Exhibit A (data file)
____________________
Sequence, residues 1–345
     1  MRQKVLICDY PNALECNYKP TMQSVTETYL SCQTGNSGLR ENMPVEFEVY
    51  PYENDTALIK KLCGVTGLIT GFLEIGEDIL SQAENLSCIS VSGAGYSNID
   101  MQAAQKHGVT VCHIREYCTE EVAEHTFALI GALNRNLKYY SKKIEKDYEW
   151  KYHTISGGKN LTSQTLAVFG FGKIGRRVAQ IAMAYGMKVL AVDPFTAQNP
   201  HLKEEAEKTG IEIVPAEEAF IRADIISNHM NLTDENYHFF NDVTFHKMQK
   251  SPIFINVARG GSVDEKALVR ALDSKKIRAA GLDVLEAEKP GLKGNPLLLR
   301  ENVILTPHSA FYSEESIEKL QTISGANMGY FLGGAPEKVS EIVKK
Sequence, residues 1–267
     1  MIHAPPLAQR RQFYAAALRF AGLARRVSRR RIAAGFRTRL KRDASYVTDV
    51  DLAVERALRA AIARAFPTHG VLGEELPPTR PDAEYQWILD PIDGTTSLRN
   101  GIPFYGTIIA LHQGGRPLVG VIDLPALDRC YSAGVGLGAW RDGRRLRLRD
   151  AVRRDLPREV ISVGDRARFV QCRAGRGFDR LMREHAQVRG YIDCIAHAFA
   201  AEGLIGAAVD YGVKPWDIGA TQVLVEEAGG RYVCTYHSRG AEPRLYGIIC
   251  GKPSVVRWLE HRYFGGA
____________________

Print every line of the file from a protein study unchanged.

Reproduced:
Sequence, residues 1–345
     1  MRQKVLICDY PNALECNYKP TMQSVTETYL SCQTGNSGLR ENMPVEFEVY
    51  PYENDTALIK KLCGVTGLIT GFLEIGEDIL SQAENLSCIS VSGAGYSNID
   101  MQAAQKHGVT VCHIREYCTE EVAEHTFALI GALNRNLKYY SKKIEKDYEW
   151  KYHTISGGKN LTSQTLAVFG FGKIGRRVAQ IAMAYGMKVL AVDPFTAQNP
   201  HLKEEAEKTG IEIVPAEEAF IRADIISNHM NLTDENYHFF NDVTFHKMQK
   251  SPIFINVARG GSVDEKALVR ALDSKKIRAA GLDVLEAEKP GLKGNPLLLR
   301  ENVILTPHSA FYSEESIEKL QTISGANMGY FLGGAPEKVS EIVKK
Sequence, residues 1–267
     1  MIHAPPLAQR RQFYAAALRF AGLARRVSRR RIAAGFRTRL KRDASYVTDV
    51  DLAVERALRA AIARAFPTHG VLGEELPPTR PDAEYQWILD PIDGTTSLRN
   101  GIPFYGTIIA LHQGGRPLVG VIDLPALDRC YSAGVGLGAW RDGRRLRLRD
   151  AVRRDLPREV ISVGDRARFV QCRAGRGFDR LMREHAQVRG YIDCIAHAFA
   201  AEGLIGAAVD YGVKPWDIGA TQVLVEEAGG RYVCTYHSRG AEPRLYGIIC
   251  GKPSVVRWLE HRYFGGA